Take a Stand and Know Why You Believe What You Believe


Last night, I read a post on Facebook from John Shore pointing to this petition on change.org for Christians to standup and affirm that begin gay is no more immoral than being straight. I honestly love how John Shore stands up for his convictions. The world might be a better place if that happened instead of people looking down and compromising what they feel is right.

I think people should support John Shore on this. If you truly feel that there is no immorality difference between the two orientations, then by all means stand up and say so. I wish Mr. Shore would have quantified what morality system this was based on, but knowing his stance on issues and his previous writings, I would say it was based upon society’s standard and not that of the Bible.

This is where we get into a tricky issue. The Pew Forum has released new studies that show public opinion towards homosexuality is steadily changing to be for the idea instead of against it. This is a huge change for those who are gay and should indicate that one day public policy will in fact support their stance.

 

So what happens if you think it is wrong? Outside of being deemed a bigot or hate-mongerer that is.

I say you should be able to share your opinion. Not really should be able to, but you really need to share it. Not to oppress someone or deny them of any rights, but to get the conversation going as to why.

A recent movement, probably due to blogs and the ability of getting information and opinions out to the public with relative ease, is the analysis on if the Bible truly speaks out against homosexuality based on current understandings. The research is really pretty interesting and I can honestly see why some people are changing how they feel about homosexuality.

I did a previous post over the Bible and Homosexuality that you can read where I addressed the assumptions that when the bible spoke out against it, it simply meant sex with men who were temple prostitutes. I can see how a person would rationalize it that way, but the problem I am finding is the number of Christians who refuse to do the research on their own if they have questions. Why not read the sources and see if that makes sense or is there more to the story?

Christians are afraid of talking about their beliefs because it seems like they have no basis for them outside of what they were told to believe. How do you have faith in something that you cannot back up with something besides “so and so told me it was wrong.”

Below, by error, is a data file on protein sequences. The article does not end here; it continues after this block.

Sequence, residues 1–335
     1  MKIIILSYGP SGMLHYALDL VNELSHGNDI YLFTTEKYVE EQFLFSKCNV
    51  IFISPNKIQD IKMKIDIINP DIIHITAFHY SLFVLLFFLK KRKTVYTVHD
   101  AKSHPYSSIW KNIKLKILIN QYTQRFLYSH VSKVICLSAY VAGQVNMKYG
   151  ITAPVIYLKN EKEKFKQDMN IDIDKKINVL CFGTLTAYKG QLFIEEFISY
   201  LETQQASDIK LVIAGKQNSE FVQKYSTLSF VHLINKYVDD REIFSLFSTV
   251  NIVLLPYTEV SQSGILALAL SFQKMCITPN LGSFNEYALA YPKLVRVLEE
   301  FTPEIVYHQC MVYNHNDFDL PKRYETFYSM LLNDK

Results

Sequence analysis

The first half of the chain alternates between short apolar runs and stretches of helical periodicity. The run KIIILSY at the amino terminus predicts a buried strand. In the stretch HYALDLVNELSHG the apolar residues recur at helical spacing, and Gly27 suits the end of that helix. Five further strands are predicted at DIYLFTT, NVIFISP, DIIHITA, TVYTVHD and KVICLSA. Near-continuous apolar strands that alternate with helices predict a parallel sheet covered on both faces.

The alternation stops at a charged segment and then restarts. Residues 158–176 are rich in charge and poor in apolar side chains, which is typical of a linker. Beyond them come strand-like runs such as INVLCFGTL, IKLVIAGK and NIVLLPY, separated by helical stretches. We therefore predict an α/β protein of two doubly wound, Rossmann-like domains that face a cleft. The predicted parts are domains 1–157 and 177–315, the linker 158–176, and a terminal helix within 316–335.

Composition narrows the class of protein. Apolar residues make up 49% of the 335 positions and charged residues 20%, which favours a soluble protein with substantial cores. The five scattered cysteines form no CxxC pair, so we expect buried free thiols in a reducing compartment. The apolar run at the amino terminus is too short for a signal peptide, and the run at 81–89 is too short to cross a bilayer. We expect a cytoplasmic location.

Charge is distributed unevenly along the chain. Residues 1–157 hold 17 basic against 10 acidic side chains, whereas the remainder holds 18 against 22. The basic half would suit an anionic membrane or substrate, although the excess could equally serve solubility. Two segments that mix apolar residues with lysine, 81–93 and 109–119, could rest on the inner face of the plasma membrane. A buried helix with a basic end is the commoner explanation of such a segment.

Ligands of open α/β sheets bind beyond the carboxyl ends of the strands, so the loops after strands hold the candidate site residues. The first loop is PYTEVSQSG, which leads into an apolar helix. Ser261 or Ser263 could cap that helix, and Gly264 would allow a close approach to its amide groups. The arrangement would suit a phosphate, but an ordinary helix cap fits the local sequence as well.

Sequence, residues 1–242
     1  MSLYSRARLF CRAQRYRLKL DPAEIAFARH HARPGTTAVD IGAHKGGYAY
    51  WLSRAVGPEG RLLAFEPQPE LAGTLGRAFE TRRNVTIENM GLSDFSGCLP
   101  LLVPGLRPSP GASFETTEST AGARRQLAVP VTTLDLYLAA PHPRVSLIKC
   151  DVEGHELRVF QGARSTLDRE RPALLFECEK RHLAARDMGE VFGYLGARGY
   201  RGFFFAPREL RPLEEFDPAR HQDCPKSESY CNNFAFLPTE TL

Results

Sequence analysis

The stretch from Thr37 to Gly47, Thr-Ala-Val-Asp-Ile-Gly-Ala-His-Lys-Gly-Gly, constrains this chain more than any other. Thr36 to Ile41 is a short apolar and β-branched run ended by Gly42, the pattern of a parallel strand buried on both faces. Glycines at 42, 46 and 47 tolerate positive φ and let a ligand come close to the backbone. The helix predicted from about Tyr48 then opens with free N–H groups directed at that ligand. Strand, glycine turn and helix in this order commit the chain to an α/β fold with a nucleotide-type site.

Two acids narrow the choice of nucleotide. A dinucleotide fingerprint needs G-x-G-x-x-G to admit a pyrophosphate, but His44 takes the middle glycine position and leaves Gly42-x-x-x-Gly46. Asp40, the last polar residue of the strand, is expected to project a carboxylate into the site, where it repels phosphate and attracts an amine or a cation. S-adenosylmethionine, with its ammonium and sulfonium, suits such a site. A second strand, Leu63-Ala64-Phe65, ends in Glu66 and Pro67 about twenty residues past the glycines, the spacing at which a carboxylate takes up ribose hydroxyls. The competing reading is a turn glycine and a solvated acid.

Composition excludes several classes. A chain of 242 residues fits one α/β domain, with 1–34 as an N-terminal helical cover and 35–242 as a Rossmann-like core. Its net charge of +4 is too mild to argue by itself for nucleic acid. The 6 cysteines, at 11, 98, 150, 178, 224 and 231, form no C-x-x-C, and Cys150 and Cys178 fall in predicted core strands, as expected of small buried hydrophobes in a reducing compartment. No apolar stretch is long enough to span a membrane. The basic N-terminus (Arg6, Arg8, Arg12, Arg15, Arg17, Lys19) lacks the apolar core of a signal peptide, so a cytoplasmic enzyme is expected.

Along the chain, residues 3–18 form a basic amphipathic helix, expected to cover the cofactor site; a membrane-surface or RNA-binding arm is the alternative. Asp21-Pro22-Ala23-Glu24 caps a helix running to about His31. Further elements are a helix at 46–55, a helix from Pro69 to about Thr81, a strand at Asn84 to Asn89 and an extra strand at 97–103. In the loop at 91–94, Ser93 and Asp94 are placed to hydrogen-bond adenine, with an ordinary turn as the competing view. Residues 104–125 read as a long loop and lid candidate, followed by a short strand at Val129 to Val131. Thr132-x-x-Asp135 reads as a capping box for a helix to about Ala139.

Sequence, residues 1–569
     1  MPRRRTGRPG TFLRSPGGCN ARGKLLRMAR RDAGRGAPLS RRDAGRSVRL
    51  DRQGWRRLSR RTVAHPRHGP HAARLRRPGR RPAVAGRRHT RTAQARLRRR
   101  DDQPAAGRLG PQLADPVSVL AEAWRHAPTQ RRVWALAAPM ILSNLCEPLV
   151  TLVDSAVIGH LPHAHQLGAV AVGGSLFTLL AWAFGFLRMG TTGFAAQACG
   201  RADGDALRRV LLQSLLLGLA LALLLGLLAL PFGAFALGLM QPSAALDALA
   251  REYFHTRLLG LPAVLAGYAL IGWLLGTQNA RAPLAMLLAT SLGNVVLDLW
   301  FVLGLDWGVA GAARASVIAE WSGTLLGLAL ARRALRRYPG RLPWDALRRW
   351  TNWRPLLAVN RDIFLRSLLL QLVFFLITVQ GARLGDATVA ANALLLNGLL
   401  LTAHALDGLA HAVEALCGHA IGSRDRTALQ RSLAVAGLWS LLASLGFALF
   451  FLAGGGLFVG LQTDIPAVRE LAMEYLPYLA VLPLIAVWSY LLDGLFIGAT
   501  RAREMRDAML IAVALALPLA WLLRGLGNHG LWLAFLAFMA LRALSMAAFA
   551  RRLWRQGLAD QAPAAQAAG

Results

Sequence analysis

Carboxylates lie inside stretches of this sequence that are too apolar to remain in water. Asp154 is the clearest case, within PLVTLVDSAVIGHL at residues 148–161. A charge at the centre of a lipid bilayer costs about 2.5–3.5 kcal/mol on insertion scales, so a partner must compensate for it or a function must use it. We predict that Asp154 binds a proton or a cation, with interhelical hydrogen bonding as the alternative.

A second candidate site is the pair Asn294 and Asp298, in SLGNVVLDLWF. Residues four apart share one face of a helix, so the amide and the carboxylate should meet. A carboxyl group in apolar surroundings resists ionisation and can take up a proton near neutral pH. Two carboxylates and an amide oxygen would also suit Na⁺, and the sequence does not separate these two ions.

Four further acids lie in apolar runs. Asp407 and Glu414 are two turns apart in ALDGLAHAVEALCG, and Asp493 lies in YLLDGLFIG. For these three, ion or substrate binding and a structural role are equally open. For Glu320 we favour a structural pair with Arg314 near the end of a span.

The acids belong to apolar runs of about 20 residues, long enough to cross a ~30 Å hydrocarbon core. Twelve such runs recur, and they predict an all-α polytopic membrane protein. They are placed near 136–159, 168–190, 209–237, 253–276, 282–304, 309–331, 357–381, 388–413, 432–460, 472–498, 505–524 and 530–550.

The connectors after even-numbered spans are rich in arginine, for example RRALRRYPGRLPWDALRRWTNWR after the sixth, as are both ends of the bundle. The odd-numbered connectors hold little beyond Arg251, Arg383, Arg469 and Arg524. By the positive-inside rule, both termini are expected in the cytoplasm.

Be careful though, because if you speak up, you will be challenged. You will be asked why you want to deny someone equal rights to love or that you are being judgmental. It is always fun to see how someone will take other portions out of context to criticize and belittle you while accusing you of not understanding the context of the bible over this issue.

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14 Comments

Filed under Bible, Christianity, Religion

14 responses to “Take a Stand and Know Why You Believe What You Believe

  1. Yes, I fully agree that if you think homosexuality is wrong that you should be able to share your opinion. But you should also be able to exegetically support your stance as well — otherwise it’s just hot air.

    As long as you are suggesting to your readers “Why not read the sources [of some who believe the Bible does NOT call homosexuality a sin] and see if that makes sense or is there more to the story,” I provide the link below for your reader’s reading pleasure.

    For starters, I would particularly recommend the following posts which I trut you’ll find most relevant:

    “Genesis 19: What Were the Real Sins of Sodom?
    “Leviticus 18: What Was the Abomination?”
    “Romans 1: What Was Paul Ranting About?”
    “Romans 2: Paul’s Bait and Switch”
    “Genesis 1: Turning the Creation Story into an Anti-Gay Treatise”
    “Why No One in the Biblical World Had a Word for Homosexuality”
    “Exegesis: Not For the Faint in Heart”

    (Links to these and more may be found by simply clicking the link below and then selecting the “Archives” page.)

    -Alex Haiken
    http://JewishChristianGay.wordpress.com

  2. I agree Alex. I think the posts that you have listed are a good place for people to start out and look at some well laid out arguments for the support of homosexuality, under its current incarnation of course. Once people have finished reading your arguments for homosexuality, then they can begin to do the research to see how homosexuality was addressed in the Ancient Near Eastern societies to see if your argument matches up with what occurs in writing.

    * Law codes in the ancient Near East – including those of Urukagina (2375 B.C.), Ur-Nammu (2100 B.C.), Eshnunna (1750 B.C.), and Hammurabi (1726 B.C.) – virtually ignore homosexual acts.4 Vern Bullough notes that these law codes had a great influence on later law codes, were intended to deal with specific deeds (not general moral principles), and seem not to have been observed in all cases or at all times.5 The Hittites, who flourished in eastern Anatolia (Turkey) and Syria ca. 1700-700 B.C., had one law that stated, “If a man violates his son, it is a capital crime” (section 189c). The same judgment was declared on father-daughter incest and mother-son incest.6 As Hittitologist Harry Hoffner, Jr., observed, “a man who sodomized his son is guilty of urkel [illegal intercourse] because the partner is his son, not because they are of the same sex.” Later, he added, “[I]t would appear that homosexuality was not outlawed among the Hittites.”